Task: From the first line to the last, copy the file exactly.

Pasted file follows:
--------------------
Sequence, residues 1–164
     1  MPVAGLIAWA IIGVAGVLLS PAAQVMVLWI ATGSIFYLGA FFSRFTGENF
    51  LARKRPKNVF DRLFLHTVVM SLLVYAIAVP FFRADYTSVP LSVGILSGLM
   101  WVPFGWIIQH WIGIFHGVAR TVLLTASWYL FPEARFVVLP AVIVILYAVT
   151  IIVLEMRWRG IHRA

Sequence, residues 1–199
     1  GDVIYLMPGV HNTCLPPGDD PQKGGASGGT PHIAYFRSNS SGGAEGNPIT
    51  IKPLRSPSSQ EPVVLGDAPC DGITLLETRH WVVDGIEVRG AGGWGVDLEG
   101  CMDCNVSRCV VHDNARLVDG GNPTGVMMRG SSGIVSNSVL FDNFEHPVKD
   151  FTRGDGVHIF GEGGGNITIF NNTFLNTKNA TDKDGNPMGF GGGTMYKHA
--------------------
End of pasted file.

Sequence, residues 1–164
     1  MPVAGLIAWA IIGVAGVLLS PAAQVMVLWI ATGSIFYLGA FFSRFTGENF
    51  LARKRPKNVF DRLFLHTVVM SLLVYAIAVP FFRADYTSVP LSVGILSGLM
   101  WVPFGWIIQH WIGIFHGVAR TVLLTASWYL FPEARFVVLP AVIVILYAVT
   151  IIVLEMRWRG IHRA

Sequence, residues 1–199
     1  GDVIYLMPGV HNTCLPPGDD PQKGGASGGT PHIAYFRSNS SGGAEGNPIT
    51  IKPLRSPSSQ EPVVLGDAPC DGITLLETRH WVVDGIEVRG AGGWGVDLEG
   101  CMDCNVSRCV VHDNARLVDG GNPTGVMMRG SSGIVSNSVL FDNFEHPVKD
   151  FTRGDGVHIF GEGGGNITIF NNTFLNTKNA TDKDGNPMGF GGGTMYKHA